[Throughout this project, I will be handing over this space to the viewpoints of others for guest posts. I’m excited to introduce a first one by prolific writer and all-round star Joshua Minsoo Kim, who has also made the gifs below]
A few months after the release of Day of the Tentacle, LucasArts found success once again with Sam & Max Hit the Road. While the game isn’t hugely different from the company’s previous point-and-click adventures, adapting a video game from Steve Purcell’s Sam & Max comics proved a wise decision. The titular characters — a bipedal dog and rabbit named Sam and Max, respectively, who work as the “Freelance Police” — were childhood creations of Steve Purcell’s brother, and the comics themselves were born out of parodies that Steve had made of them. This, in conjunction with noted influence from Penn & Teller and The Blues Brothers, would lead to the sort of sarcasm and wit that defines the franchise, and these elements are largely helpful in making a point-and-click adventure’s patient gameplay worthwhile.
Neither Sam nor Max are particularly fleshed out characters in the game, but it becomes a non-issue due to a quick establishment of Hit the Road’s sense of humor. The game’s odd premise is emblematic of the game’s absurdities: Sam and Max are asked to find Bruno, a bigfoot who’s escaped from a carnival alongside “Trixie the Giraffe-Necked Girl.” As one interacts with people and objects in the game, sardonic one-liners and rudimentary puns are given, assuaging the frustration that comes with trying to solve a puzzle. As such, it’s likely that one will attempt to click on as many things in the game world as possible to simply see the result, and this incentivization is important given that some tasks are challenging to figure out.
That the game encourages pointing and clicking as much as possible is crucial, and it’s bolstered by the most notable difference between Hit the Road and previous LucasArts games: the removal of verb lists and one’s inventory from the bottom of the screen. Players now cycle through various actions that are displayed with their cursor, and items can be accessed from a window that pops up by clicking an icon on the screen’s bottom left hand corner. This quality-of-life change also means more space for visuals, and this is especially beneficial given the game’s setting: various tourist attractions across the United States.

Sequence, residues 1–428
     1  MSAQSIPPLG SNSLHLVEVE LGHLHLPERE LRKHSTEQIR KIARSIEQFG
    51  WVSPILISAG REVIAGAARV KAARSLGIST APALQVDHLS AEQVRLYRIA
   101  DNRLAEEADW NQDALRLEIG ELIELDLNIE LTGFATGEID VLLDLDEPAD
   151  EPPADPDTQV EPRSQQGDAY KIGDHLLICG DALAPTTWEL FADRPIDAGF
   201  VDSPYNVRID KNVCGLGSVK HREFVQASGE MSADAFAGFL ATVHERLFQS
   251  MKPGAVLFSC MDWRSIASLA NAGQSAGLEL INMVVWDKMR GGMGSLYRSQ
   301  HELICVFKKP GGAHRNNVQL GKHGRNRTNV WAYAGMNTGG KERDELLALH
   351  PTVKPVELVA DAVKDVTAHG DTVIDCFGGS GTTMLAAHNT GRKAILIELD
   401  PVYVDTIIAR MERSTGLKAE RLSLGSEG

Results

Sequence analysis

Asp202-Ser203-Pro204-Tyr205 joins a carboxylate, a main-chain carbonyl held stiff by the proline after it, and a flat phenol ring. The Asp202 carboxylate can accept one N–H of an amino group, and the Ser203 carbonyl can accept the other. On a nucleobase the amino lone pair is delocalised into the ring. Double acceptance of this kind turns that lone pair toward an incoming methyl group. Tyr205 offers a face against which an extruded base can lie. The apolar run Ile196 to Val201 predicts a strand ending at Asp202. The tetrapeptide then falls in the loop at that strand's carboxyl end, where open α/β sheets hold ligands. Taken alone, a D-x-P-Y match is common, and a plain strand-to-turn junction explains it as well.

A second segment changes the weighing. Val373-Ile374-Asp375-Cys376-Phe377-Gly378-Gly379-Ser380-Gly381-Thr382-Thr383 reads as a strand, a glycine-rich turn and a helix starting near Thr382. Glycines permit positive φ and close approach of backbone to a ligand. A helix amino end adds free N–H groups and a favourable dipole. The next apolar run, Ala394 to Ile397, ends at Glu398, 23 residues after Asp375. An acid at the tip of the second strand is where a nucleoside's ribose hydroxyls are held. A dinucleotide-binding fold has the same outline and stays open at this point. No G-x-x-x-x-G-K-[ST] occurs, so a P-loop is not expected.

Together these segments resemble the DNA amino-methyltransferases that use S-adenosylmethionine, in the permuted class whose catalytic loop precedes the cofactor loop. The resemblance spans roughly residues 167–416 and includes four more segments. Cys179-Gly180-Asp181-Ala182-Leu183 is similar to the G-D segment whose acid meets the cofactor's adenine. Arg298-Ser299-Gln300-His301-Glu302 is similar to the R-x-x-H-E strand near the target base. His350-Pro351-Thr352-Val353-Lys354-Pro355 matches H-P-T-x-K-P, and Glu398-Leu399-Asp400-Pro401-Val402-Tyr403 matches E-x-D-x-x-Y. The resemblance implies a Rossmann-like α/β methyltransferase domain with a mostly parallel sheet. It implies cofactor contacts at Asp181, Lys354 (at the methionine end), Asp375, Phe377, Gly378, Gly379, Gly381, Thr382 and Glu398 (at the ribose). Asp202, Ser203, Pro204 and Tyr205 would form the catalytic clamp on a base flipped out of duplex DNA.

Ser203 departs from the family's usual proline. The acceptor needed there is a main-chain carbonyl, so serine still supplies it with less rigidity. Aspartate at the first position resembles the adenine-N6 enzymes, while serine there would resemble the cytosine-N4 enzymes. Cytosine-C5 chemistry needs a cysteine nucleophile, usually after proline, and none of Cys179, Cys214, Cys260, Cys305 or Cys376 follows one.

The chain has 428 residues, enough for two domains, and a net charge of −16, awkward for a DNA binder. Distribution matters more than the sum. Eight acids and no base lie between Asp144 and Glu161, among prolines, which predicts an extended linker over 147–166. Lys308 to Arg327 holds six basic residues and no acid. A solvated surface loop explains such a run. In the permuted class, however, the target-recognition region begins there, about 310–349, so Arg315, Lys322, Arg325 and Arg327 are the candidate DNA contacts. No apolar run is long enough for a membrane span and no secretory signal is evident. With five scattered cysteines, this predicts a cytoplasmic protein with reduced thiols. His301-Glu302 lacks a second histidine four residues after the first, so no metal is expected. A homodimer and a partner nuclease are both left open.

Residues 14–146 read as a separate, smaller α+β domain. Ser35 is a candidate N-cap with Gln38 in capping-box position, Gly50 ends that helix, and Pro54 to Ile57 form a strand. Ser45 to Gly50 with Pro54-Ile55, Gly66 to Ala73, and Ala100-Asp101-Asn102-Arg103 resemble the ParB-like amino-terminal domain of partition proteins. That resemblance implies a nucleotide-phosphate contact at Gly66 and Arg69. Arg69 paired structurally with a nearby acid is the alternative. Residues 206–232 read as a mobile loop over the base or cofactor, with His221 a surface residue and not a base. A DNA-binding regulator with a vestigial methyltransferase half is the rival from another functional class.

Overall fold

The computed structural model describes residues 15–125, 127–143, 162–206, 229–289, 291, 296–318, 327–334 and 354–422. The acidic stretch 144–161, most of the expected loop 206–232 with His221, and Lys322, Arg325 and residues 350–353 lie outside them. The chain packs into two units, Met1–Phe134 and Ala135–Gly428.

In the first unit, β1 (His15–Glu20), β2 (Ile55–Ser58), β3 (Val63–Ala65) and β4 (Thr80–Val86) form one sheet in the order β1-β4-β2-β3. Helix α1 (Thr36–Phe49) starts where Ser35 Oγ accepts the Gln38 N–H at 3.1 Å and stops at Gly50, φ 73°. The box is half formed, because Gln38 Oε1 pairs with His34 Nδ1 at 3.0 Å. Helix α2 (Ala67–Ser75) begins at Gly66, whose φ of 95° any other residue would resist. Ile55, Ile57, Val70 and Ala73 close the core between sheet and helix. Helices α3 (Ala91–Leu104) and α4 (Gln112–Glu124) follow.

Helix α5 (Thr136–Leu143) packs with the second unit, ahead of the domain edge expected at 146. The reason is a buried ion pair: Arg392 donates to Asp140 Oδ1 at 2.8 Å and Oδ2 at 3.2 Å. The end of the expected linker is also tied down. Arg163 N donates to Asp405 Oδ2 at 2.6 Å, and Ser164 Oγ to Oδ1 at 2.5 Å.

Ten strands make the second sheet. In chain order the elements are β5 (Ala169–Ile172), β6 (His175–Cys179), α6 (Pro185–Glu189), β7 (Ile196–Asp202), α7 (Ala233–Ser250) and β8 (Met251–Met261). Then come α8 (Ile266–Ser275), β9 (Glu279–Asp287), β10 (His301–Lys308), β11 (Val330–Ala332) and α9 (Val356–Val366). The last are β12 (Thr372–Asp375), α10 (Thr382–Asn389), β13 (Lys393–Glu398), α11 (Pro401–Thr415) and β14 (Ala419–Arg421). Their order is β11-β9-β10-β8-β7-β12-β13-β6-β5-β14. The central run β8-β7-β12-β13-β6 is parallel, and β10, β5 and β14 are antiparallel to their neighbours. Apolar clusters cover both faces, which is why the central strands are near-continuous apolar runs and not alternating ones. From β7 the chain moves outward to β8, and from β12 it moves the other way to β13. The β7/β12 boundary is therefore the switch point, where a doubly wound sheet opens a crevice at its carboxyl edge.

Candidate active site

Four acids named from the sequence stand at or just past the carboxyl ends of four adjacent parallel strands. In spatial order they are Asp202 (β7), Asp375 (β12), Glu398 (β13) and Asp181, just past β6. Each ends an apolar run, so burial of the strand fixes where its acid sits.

Purcell had noted that his inspiration for Hit the Road had come from roadtrips he had taken as a child, as well as a book released in 1986 entitled Roadside America. The book is essentially a guide to America’s lowbrow roadside attractions, the kind that are limited in depth to their mere novelty. A couple of places in Roadside America are referenced in the game — twine balls in Darwin, Minnesota and Cawker City, Kansas inspired the game’s own “Largest Ball of Twine”; the Oregon Vortex was the basis for The Mystery Vortex — and it’s the variety of these different locations that prevents the game from being visually repetitive.
Because of Hit the Road’s humor and peculiar setting, the game’s designers seemed to know they could get away with providing unconventional solutions to their puzzles. At one point, one has to combine multiple unrelated items to create a sasquatch costume which is then used to gain entry into a yeti convention. This task, as well as some others, can be difficult to infer. The linearity of the game further amplifies what likely awaits many players: tediously visiting every location to make sure you’ve done everything possible to advance in the game. There are a few mini games present that are meant to provide a break from the main storyline, but they’re too simplistic to warrant multiple playthroughs, and feel mostly superfluous.
While playing Hit the Road, I was most intrigued and surprised by the small bits of commentary the game provides on its various tourist traps. When visiting the Savage Jungle Inn, Max comments that it’s “tikirific” and that he feels “immersed in native culture.” It’s a snide remark that points to the hokeyness of such places, and is a reminder that a lot of attractions — like the ones listed in Roadside America — are culturally barren at best, and offensive at worst.
After completing the game’s final task, a large number of evergreen trees sprout from the ground across the United States, including various metropolitan areas. Bruno, and presumably other creatures at the yeti convention, are now free to live peacefully in the woods. As Sam and Max reflect on what’s happened, Sam comments that he thinks they’ve “foolishly tampered with the fragile inner mechanisms” of the planet. Max responds by saying, “If a few hundred years of civilization have to be totalled just to ensure that a bunch of smelly quasi-human creatures have a safe haven for their disgusting lifestyles, then so be it!” Suddenly, the game’s premise reveals itself as a long-term setup for a final sarcastic punchline: an indictment on humanity’s repeated destruction of nature, and the crude things — be they tourist attractions or not — that we’ve set up in its place.